Whenever I leave the boat, I close everything non-essential thru-hull. I have to leave some open, that feed the air-conditioner, for example. But sinks and engine intakes are closed.

It's not unheard of for gate valve handles to turn, but not doing anything inside. One reason they are not preferred.
hmmm I close heads valves except when in use... including shower sump discharge. I leave the galley sink open and all 3 in the engine room open pretty much all the time except in water winter storage.
 

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......all 3 in the engine room open pretty much all the time except in water winter storage.
The engine intakes are the ones I consider real boat sinkers. They are typically a bit below the water line, therefore, under pressure. They're also typically bigger, so a bilge pump is less likely to keep up, like it might with a sink drain at the water line.

When I'm aboard and cruising, I'm not nearly as disciplined. I'll go ashore with most things open, but rarely gone for more than a few hours. That's enough I suppose. We have a high water bilge alarm, which would help when aboard, but not at all when away.
 

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Hi, we recently bought a 1974 Shipman 28, and would be grateful if anyone had any advice re. the thru hulls.

Here's a pic of three of them, next to the engine. Judging by the style, they are the oldest on the boat. Despite its age, the boat is in pretty good condition. Well looked after by the two POs, and kept in fresh water in Sweden's Lake Mälaren.

The bottom thru hull in the picture is the engine water intake. The top right one is the seawater intake for the sink tap. The thru hull on the left is the sink outlet, with the cockpit drain outlet also feeding into it.

My questions are:

1) Despite the old style of the thru-hulls, they seem to be in pretty good condition - are they safe to keep?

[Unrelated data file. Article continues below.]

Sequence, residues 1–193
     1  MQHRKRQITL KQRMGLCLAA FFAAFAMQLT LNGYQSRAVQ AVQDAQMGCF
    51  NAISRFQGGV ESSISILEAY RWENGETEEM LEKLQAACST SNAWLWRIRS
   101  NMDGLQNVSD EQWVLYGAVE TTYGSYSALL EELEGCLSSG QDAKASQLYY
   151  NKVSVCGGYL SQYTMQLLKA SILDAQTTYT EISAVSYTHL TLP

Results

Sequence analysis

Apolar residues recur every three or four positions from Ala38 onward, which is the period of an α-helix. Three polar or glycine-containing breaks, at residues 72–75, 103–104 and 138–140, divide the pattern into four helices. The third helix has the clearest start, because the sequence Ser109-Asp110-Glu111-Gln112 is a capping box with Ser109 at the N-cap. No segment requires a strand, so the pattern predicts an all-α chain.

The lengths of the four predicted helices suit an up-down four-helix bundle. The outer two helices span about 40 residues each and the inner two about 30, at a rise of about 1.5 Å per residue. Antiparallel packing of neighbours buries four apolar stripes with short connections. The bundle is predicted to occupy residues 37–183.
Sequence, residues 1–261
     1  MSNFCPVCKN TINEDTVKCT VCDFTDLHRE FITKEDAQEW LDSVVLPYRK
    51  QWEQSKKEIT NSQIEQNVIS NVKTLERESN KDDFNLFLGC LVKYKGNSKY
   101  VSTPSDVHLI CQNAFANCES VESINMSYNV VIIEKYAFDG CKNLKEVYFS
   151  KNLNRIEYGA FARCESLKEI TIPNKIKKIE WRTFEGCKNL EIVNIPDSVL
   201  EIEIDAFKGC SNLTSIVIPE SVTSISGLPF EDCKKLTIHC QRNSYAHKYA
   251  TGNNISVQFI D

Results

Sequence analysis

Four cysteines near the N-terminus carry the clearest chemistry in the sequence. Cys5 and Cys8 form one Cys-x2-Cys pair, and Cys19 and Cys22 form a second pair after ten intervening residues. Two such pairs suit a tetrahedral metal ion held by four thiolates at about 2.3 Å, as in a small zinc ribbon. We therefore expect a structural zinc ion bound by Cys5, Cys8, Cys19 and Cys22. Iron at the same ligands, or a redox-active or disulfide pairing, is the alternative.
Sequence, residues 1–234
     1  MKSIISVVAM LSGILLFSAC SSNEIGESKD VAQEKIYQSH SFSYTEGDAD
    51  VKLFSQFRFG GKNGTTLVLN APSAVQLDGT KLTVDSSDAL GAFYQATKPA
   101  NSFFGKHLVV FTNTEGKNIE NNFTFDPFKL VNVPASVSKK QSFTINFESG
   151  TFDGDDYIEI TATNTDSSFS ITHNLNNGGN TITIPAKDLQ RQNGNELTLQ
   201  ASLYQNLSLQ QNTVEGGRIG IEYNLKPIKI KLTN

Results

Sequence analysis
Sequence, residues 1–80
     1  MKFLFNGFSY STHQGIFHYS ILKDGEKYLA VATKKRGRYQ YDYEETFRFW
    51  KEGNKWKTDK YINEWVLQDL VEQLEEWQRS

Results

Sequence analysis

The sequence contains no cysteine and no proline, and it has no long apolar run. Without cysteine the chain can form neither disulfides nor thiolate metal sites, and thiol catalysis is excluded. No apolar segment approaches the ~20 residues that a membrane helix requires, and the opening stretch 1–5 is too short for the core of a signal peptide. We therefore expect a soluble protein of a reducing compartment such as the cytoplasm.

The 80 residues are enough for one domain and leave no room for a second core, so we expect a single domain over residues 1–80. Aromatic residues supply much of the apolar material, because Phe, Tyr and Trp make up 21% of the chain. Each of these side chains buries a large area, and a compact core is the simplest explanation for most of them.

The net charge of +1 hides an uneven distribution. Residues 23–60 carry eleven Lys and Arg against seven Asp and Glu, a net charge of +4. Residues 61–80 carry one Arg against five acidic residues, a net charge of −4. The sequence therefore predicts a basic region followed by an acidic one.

2) The engine water intake valve opens and closes fine. I haven't fiddled with the rest yet. Is it normal practise to keep the cockpit drainage thru hull open at all times? Likewise, the sink tap inlet?

Sorry for the noob questions - first time boat owner, and don't want to scuttle her inadvertently.

These are "gate valves." It appears that they have backing blocks (which is good). However, because they are gate valves, you really don't know if they work, or not, unless you test them.

If this were my boat, I would replace these valves with proper bronze ball-valve seacocks. Don't cheap out on the valve, as good ones, properly installed, should last another 45+ years.

 

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The engine intakes are the ones I consider real boat sinkers. They are typically a bit below the water line, therefore, under pressure. They're also typically bigger, so a bilge pump is less likely to keep up, like it might with a sink drain at the water line.

When I'm aboard and cruising, I'm not nearly as disciplined. I'll go ashore with most things open, but rarely gone for more than a few hours. That's enough I suppose. We have a high water bilge alarm, which would help when aboard, but not at all when away.
Well conservative is better in this case. My engine intake is 3/4" w/ 5/8" hose. The the prop shaft has 2 very small...ones. Letting go would be a shocker... a few higher output bilge pumps with some sort of alarm to send a cell txt message would be cool.
 

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Well conservative is better in this case. My engine intake is 3/4" w/ 5/8" hose. The the prop shaft has 2 very small...ones. Letting go would be a shocker... a few higher output bilge pumps with some sort of alarm to send a cell txt message would be cool.
A 3/4" hole that is 2 ft below the surface will ingress 16 gallons per minute, or 960 per hour. Most pumps are not sized to pull that off, especially after their rated ability is degraded by lift to the overboard fitting. At about 800 pounds for every 100 gallons the pump doesn't discharge, it wouldn't take long to founder.